Prof Solène Morvant-Roux, University of Geneva
A new approach to financialization is gaining ground in the South where the zero-cash advocates have been driving the agenda towards digital financial transactions. In that context, social payments and their millions of recipients have been identified as the perfect target to meet this agenda. Actually, while more than half of the world population still lacks any kind of social protection (International Labour Office 2017), social programmes have been strongly supported by the World Bank and other international organisations such as the ILO since the end of the 1990s. Known as government-to-people cash transfers (G2P), or conditional cash transfers (CCT), such redistribution policies aim to fight short and long-run poverty and hunger by setting up a ‘social protection floor’ (International Labour Conference 2011) for low-income population segments in the Global South (Hanlon et al 2010).
According to its promoters, digital social payments have the potential to increase the efficiency and transparency of the programmes, reduce their delivery costs, and enhance their outreach in rural and isolated areas (Klapper & Singer 2017).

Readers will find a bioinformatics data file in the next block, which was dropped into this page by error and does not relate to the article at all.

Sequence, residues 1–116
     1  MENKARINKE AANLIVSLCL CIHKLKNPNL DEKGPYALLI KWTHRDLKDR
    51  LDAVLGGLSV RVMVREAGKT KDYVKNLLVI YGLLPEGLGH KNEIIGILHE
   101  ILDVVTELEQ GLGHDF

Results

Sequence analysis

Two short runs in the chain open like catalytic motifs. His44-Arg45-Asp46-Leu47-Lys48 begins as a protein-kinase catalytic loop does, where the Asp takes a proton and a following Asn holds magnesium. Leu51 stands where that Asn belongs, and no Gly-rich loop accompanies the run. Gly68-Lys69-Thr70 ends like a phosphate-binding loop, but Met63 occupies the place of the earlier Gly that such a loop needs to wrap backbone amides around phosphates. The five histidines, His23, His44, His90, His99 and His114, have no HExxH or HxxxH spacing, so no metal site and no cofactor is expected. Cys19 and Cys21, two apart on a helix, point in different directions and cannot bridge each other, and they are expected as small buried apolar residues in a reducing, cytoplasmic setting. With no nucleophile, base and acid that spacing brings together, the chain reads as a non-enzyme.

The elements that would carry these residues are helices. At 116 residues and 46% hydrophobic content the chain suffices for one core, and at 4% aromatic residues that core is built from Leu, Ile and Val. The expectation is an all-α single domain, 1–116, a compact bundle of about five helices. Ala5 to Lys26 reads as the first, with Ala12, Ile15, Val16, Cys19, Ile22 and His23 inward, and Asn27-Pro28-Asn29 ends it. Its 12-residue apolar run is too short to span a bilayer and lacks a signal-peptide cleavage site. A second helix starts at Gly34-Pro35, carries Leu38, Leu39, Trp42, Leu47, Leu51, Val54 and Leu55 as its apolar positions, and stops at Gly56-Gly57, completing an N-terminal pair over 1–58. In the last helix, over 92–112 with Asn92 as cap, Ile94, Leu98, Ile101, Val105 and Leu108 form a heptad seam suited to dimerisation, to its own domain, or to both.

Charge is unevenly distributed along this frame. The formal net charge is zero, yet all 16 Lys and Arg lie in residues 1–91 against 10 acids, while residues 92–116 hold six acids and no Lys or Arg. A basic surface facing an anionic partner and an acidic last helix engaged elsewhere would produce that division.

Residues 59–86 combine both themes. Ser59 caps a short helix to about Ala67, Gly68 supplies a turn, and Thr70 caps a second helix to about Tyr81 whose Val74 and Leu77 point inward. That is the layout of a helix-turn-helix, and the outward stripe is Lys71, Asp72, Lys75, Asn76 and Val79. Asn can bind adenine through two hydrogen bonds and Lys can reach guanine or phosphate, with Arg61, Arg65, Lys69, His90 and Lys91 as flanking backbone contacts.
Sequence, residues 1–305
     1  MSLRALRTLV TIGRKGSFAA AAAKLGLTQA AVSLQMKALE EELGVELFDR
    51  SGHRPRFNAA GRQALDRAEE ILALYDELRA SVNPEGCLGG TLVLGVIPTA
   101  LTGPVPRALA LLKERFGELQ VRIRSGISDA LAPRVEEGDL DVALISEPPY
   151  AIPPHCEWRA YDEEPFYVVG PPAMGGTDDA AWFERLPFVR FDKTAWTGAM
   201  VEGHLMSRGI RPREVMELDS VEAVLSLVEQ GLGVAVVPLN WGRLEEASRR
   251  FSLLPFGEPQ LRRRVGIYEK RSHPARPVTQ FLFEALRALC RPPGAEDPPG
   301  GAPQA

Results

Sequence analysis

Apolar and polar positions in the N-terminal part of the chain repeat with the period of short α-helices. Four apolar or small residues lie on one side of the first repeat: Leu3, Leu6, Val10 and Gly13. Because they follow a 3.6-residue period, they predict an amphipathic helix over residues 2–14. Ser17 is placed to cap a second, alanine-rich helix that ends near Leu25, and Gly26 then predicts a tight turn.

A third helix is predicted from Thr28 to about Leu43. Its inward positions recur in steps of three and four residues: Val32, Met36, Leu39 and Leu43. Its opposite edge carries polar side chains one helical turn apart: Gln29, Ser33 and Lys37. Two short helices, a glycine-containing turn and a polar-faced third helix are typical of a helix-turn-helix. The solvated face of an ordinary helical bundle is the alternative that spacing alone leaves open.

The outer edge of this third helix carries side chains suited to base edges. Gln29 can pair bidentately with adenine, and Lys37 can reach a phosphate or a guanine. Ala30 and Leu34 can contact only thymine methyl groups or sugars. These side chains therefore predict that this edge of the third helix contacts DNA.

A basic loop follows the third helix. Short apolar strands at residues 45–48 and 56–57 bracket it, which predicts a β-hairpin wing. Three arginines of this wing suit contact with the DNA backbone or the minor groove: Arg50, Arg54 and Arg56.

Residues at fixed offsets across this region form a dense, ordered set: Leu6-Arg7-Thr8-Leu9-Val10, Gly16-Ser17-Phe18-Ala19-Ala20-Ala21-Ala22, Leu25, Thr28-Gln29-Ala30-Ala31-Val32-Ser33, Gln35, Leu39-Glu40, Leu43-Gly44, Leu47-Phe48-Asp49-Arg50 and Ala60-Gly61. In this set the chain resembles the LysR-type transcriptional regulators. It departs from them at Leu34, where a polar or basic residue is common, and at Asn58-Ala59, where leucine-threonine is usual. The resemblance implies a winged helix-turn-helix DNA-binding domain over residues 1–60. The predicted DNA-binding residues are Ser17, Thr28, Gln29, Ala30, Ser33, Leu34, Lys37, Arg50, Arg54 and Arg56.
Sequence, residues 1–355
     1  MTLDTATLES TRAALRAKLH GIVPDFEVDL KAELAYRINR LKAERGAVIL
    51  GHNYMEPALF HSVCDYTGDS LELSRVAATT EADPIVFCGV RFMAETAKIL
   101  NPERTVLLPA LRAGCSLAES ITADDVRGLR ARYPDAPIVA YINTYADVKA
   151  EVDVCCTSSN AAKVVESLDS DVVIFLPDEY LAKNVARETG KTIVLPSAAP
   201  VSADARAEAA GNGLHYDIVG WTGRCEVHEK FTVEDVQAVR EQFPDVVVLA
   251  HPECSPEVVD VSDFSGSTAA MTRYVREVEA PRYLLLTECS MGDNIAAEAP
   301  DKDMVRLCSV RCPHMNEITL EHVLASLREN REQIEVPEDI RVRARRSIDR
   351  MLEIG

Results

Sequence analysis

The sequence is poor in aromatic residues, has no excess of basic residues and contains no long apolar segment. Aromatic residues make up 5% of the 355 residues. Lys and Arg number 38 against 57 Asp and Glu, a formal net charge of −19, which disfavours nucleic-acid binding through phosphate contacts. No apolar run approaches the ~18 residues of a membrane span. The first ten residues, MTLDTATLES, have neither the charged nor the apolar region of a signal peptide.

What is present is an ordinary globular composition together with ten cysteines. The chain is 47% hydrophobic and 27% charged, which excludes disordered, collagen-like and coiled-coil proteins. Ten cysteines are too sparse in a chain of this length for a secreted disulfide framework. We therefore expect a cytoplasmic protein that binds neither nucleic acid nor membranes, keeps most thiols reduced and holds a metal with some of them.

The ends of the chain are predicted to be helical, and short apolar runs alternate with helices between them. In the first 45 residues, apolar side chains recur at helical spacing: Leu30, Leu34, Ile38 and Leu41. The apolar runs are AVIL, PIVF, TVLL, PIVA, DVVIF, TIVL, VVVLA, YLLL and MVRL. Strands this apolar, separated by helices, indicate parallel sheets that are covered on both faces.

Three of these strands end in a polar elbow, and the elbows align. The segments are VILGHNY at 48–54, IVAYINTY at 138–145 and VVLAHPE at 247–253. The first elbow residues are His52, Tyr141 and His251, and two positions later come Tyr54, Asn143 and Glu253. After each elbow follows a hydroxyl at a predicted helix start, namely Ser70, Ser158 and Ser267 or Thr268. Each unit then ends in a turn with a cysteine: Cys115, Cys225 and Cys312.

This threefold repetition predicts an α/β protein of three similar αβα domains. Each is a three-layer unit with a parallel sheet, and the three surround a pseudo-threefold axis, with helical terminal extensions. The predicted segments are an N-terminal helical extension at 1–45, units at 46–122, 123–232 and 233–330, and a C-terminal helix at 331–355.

Digital social payments not only allow a shift away from hand-to-hand cash distribution, but also expedite the implementation of a broad financial inclusion agenda. Indeed, in countries where fewer than 30% of the population has access to financial services (Demirguc-Kunt et al 2015), the transition to digital social payments was the first step towards introducing a wide array of banking services such as basic bank accounts (current, savings, etc), as well as credit and payment services. Under these new arrangements, social payments should no longer be delivered in cash by state employees, but the money should be deposited in individual bank accounts, which recipient would then withdraw with banking cards.
Looking at the case of a famous social programme in Mexico (Prospera), my study seeks to uncover what is really going on behind the official discourses around efficiency and transparency. It shows that while digital payments play a key role in maintaining recipients’ access to G2P, and therefore build citizenship, they also offer a lens for studying low-income people’s cognitive dispositions (via the intricate data that financial transactions generate), as well as prospective tools for reshaping people’s ‘decision architectures’. A shift is under way: from focusing on the small money of the recipients to the perspective of big data collection, these new policies may transform previous rights to social protection into a right to consume financial services. Therefore, rather than focusing on the provision of funds to the poor, digital cash transfers open up a new zone for finance to profit from the poor. This, in turn, reshapes the relationship between the poor and the state, the poor as debtors and their creditors, and the state and financial services providers.